Tag: Trapper

You Lost The Deal – Get Over It! There’s No Crying In Sales

You Lost The Deal – Get Over It! There’s No Crying In Sales

You lost. The customer decided to use a competitor’s product. You will not be getting that commission check.

STOP FEELING SORRY FOR YOURSELF!

I will not insult you by saying that it is just business and wasn’t personal. It is affecting you in a very particular way. You may feel inadequate or anger. You may also be in disbelief. You may be frustrated and disenfranchised. You may also have some fear and doubt. There may be some loss of income or anticipated income due to this loss, and now you will have to tell your significant other that the check won’t be as big.

Worse than all of those feelings, you may feel shame within your peer group and your company.

These are all common feelings, and you shouldn’t kid yourself into believing that they aren’t there. Instead, you should deal with these feelings head on and accept them. Plenty of ‘feel good’ books out there will lift your spirits, and my book is not one of them, and this site is not for crying.

To steal Tom Hanks’ line:

There is no crying in sales.


The best advice I have is to get right back out there and keep selling. You need to internalize these feelings and make them motivate you to accomplish more and be more successful. You have just felt emotions that you don’t like and don’t want to feel again. Use this as motivation to avoid these bad feelings again or to have the desire to inflict these emotions on your competitors.

Ask yourself these questions (if you haven’t read my book Eliminate Your Competition then these may not make sense – maybe that is why you lost).

  • Did you fill in every box of the Power Matrix? Were all those people unique?
  • Did you set up a Relationship Map that mapped all of your resources to the appropriate person at the prospect?
  • Did you set up Personal Vision Goals for every person in the Power Matrix?
  • Were you late to the deal and you acted like a Hunter rather than a Trapper?
  • Did you lay out the evaluation plan for the prospect?
  • Did you lay traps for all of your competitors?
  • Should you have focused on the winning competitor differently? Was it an A competitor that has similar capabilities or was it a B or C competitor that took the evaluation into your weaknesses.
  • Did you effectively sell your product, your company, and yourself?

If you don’t understand these questions, then you need to spend time with my book Eliminate Your Competition. It is designed to help you win more frequently and maximize your commission. You may purchase my book Eliminate Your Competition from your favorite book retailer. The ebook version is available at the most popular retailers such as Apple, Amazon, Barnes & Noble. The paperback version is also widely available at such retailers as Amazon, Barnes & Noble, and Books A Million.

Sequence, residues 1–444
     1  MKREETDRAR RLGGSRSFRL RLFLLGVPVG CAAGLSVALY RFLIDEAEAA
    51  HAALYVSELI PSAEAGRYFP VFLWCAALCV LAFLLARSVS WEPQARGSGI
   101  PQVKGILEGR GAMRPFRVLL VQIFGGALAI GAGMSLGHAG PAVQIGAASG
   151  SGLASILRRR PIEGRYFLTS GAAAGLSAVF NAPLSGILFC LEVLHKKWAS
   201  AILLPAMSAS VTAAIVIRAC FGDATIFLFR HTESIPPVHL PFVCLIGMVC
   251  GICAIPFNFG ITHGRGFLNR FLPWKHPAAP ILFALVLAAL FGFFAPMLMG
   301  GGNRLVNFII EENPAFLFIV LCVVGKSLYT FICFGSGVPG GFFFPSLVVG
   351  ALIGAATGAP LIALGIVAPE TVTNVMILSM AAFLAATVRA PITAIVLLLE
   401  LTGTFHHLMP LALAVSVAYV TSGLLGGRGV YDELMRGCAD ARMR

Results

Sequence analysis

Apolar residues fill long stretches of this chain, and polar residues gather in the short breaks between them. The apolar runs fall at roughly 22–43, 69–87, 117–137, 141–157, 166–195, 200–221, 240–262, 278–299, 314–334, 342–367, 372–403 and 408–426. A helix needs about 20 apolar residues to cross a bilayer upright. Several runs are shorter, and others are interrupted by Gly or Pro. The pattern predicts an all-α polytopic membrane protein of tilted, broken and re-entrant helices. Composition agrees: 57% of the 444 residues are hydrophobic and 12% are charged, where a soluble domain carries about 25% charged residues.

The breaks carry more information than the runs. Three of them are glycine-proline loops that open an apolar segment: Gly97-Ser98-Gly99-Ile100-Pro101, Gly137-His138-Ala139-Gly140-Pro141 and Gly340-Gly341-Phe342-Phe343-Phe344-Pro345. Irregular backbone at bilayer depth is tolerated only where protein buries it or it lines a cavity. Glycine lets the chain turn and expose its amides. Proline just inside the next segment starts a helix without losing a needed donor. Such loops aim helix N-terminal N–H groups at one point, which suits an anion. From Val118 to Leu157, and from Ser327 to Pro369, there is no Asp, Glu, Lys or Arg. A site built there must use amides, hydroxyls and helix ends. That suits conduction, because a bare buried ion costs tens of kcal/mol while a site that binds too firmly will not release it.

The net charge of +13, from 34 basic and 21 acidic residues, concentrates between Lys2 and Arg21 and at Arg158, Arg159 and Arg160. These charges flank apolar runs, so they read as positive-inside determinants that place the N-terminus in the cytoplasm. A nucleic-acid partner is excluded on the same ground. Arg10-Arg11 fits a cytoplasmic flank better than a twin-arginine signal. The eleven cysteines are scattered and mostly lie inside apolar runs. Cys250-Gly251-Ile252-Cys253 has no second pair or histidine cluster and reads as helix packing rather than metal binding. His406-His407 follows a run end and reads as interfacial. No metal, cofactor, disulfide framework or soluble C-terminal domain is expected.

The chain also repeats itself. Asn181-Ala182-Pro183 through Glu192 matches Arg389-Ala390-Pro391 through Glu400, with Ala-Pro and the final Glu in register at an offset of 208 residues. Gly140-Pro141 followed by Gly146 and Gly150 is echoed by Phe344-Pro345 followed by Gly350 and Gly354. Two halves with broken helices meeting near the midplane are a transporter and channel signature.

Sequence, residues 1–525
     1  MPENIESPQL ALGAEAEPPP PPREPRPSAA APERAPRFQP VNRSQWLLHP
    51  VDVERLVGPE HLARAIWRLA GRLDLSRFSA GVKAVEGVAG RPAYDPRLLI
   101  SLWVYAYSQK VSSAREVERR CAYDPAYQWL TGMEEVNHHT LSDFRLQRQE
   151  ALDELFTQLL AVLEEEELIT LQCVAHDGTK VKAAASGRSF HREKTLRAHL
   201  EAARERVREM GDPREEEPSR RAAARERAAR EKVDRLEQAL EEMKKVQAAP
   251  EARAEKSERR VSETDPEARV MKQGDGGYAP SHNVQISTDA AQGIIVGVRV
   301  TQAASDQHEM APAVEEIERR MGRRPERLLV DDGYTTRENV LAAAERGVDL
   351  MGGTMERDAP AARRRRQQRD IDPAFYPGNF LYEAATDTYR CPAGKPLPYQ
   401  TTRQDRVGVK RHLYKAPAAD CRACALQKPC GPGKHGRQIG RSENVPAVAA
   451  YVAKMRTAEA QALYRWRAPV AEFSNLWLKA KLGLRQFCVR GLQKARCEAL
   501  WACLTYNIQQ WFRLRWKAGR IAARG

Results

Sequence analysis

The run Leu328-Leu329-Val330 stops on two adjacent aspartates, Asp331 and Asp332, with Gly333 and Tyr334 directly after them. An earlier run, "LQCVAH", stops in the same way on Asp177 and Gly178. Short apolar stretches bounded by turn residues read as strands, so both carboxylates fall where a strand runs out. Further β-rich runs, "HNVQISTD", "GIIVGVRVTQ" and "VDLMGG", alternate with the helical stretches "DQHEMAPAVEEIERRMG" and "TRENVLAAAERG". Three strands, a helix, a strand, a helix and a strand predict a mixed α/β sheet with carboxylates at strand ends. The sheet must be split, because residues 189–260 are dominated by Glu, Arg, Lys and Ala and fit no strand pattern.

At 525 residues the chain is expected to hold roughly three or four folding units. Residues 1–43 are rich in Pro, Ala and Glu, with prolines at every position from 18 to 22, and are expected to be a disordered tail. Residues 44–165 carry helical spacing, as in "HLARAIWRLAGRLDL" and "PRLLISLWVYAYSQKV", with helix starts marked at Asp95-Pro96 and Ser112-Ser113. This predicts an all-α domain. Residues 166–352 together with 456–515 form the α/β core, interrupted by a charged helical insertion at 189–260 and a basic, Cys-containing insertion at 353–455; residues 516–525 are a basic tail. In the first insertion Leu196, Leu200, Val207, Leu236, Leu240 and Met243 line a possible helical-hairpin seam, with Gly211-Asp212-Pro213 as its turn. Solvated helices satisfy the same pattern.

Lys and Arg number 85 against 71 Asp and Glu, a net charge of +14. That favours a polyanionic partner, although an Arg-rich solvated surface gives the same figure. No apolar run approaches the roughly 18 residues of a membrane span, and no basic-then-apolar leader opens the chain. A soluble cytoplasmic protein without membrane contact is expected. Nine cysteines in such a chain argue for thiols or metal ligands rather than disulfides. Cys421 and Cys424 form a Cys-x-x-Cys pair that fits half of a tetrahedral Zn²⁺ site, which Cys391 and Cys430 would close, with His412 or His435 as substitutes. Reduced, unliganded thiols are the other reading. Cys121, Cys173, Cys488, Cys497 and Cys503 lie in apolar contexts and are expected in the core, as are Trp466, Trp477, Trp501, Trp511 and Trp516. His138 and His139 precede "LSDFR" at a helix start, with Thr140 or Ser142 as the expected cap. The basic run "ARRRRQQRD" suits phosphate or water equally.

You were outsold! Don’t make any other excuses for the loss. Accept it – you got beat. Now you must figure out what things caused you to be outsold. The wise outdoorsman trapper inspects all of his traps that are empty to find out if there is something wrong that the prey got away. You need to do that yourself if you want to be a Trapper. Hunter’s miss the target all the time and they make the excuse that the prey moved at the last second causing the miss. Farmer’s blame it on the environment when their efforts don’t produce results. Gatherers talk about all of the other business that they still have for that customer. However, a Trapper figures out what went wrong:

  • Did they not understand the prey?
  • Why didn’t the trap work?
  • Did they not place the trap in the correct location?
  • Did they use the wrong type of bait?

The big issue here is that you do not lie to yourself. You can lie to your boss. You can lie to your spouse. You can lie to everyone else, but do not lie to yourself.

Did you really do everything you could to win that deal?

Answer the above questions. Learn from your loss. Now get back up on that horse and make it happen.

Header Photo by JamesDeMers (Pixabay)
What Type of Bait Are You Using to Find Your Prospects?

What Type of Bait Are You Using to Find Your Prospects?

To be an effective salesperson (in other words, a Trapper), you must learn to create and use Bait.